It’s sorta weird, but collaborating with ISIS is still technically illegal even with Turkey so clearly supporting militia that have been thoroughly infiltrated by jihadis, as they’ve been helpful enough to document for us.
But yeah—there’s still somehow anti ISIS law enforcement.
ERBIL (Kurdistan 24) – A local counter-terrorism unit in the northern Syrian city of Manbij on Saturday arrested members of an Islamic State cell allegedly involved in smuggling at least six women connected to the extremist group from a camp under the control of the Kurdish-led Syrian Democratic Forces (SDF) to Turkish-held areas along the country’s northern border.
The SDF-affiliated Manbij Military Council’s media office claimed in a statement that a man named Abu Naji, a leader of the Turkish-backed Ahrar Al-Sham paramilitary group, was responsible for smuggling “ISIS elements and their families to areas controlled by the Turkish occupation.”
It continued, “After investigating this cell, it was found that ISIS members who are currently fighting in the ranks of the Turkish occupation mercenaries are trying to smuggle their families out of the Al-Hol camp.”
The sprawling facility was built to house 40,000 individuals but currently houses some 68,000 women and children from multiple nations, many of whom are related to Islamic State fighters.
“The Turkish intelligence commissioned ‘Abu Naji’ to carry out this task, the person is known to have carried out several bombings in the city of Manbij and Hasakah, and caused the death of dozens of civilians,” the statement claimed.
I guess it makes sense, but you have to keep remembering the difference between the presentation to the world and the reality. If Turkey wants to prevent its operation in northern Syria as legal and justified, then it has to let ISIS—well recognized terrorists by this point—be captured and prosecuted.
So Turkey has to be all about the public face of their operation. (Well, their intended public face. But you can basically watch the war on the Twitters.)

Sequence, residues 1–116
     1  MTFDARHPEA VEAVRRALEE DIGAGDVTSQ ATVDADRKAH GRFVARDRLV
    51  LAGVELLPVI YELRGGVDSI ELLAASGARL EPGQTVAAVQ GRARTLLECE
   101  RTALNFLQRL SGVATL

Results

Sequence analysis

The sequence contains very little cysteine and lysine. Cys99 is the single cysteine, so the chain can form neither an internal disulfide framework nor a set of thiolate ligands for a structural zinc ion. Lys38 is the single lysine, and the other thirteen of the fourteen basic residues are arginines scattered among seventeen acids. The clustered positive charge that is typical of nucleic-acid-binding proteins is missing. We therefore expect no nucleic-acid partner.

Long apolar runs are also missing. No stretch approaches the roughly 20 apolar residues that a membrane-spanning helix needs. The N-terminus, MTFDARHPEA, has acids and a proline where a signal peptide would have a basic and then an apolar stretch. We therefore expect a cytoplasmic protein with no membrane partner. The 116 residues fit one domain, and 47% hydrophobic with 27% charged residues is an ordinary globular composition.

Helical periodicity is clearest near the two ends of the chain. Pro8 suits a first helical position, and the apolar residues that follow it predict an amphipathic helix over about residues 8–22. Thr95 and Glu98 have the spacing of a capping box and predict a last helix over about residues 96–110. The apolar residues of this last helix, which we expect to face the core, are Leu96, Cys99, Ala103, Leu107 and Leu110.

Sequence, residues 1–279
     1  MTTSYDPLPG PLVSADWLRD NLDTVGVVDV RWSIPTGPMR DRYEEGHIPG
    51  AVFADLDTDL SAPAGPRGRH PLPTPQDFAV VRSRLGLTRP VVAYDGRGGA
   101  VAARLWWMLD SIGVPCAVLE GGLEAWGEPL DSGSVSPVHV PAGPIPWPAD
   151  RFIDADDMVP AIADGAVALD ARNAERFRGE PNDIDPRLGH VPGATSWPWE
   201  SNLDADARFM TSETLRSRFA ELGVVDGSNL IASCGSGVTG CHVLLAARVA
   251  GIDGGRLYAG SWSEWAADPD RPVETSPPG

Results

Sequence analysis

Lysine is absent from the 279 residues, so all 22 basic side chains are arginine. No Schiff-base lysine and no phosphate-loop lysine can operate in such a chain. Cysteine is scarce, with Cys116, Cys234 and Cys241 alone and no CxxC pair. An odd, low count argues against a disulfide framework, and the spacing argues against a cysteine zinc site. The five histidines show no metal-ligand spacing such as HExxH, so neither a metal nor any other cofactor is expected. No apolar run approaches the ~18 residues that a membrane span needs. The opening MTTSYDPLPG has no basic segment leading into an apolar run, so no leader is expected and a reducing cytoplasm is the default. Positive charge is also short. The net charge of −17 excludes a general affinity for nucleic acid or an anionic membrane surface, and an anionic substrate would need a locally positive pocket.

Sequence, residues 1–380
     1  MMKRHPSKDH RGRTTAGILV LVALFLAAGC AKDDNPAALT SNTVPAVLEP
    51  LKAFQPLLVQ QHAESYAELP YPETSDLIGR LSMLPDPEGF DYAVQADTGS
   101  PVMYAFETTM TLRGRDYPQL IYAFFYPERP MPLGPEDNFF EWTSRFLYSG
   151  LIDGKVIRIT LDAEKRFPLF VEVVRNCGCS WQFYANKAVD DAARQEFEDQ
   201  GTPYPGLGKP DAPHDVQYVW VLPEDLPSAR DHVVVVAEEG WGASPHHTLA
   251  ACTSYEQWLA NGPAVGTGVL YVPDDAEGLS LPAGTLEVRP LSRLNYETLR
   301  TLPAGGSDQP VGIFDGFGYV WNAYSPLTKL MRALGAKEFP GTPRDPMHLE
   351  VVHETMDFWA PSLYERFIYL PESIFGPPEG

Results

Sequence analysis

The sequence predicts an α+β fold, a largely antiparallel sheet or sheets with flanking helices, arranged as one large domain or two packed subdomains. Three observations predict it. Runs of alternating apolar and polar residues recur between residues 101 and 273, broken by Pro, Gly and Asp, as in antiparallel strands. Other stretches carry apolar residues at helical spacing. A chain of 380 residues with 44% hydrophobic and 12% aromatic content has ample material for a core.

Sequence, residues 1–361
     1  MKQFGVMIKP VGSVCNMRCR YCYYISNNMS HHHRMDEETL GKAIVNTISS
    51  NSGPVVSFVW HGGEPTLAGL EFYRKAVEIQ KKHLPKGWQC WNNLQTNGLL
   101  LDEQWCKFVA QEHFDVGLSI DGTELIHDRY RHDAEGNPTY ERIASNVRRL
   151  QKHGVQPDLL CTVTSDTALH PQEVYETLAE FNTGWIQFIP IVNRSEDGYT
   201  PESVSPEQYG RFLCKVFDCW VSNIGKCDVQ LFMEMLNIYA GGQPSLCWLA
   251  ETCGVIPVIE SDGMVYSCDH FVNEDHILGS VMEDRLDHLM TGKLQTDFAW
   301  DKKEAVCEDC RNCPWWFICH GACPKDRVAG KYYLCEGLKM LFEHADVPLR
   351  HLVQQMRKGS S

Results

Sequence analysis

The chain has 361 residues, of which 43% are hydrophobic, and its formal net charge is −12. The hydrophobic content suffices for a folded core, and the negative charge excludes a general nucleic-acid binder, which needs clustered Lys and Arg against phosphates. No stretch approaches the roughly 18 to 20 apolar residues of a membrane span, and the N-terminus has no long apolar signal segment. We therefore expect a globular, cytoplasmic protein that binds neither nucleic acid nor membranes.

Anyway, here is an independent news organization in Turkey reporting on the Ayn Issa fighting as though it were aberrational.
Turkey and allied Syrian rebels have violated a Russia-brokered ceasefire in northern Syria by attacking northeast of the town of Ain Issa that lies outside of a safe zone along the Turkish-Syrian border, Iraqi Kurdish news network Rudaw reported.
The attack in Ain Issa, which is some 10 kilometres outside of the safe zone, reportedly killed four people and wounded 22, Rudaw said, citing the international aid organisation Free Burma Rangers.
“These events raise doubts about the capability of Russia to enforce the cease-fire deal brokered by themselves and furthermore raises questions regarding their role as a guarantor for the possibility of reaching a political solution for Syria,” the Syrian Democratic Forces (SDF) said on Sunday, according to Rudaw.
It’s not that any of that isn’t true. It’s just that, like, that’s your basic Wednesday in Rojava.
And then again…
Turkey’s military operation in northern Syria has foiled the Pentagon’s plans to expand cooperation with Kurdish fighters to build a terror corridor in the region, Burhanettin Duran, the head of a Turkish pro-government think tank, told the state-run Anadolu Agency on Sunday.
A Pentagon report published last week, which criticises U.S. President Donald Trump’s decision to pull out American troops in northern Syria for allowing the Islamic State (ISIS) to rebuild itself, has expressed U.S. defence officials disdain at Turkey for foiling such plots, said Duran, director of the Foundation for Political, Economic and Social Research (SETA).
Trump’s decision paved the way for Turkey’s military offensive last month against the Kurdish People’s Protection Units (YPG), which Turkey says is an offshoot of the outlawed Kurdistan Workers Party (PKK), an armed group recognised as a terrorist organisation by the United States. The YPG has formed the bulk of the U.S.-led coalition forces fighting against ISIS in Syria.
The Pentagon was considering elevating its tactical partnership with the YPG to a strategic partnership, seeking to use the Kurdish fighters against Iran or to turn it into a state-like structure that would protect U.S. interests in the region, according to Duran.
“We at the same time saw that plans cooked in the Pentagon collapsed,” Duran said referring to the Turkish offensive. “Now the Pentagon shows its reaction with that report.”
A terror corridor, huh?
I wonder how the Green Berets feel about that?
I guess they’ll have to agree to disagree.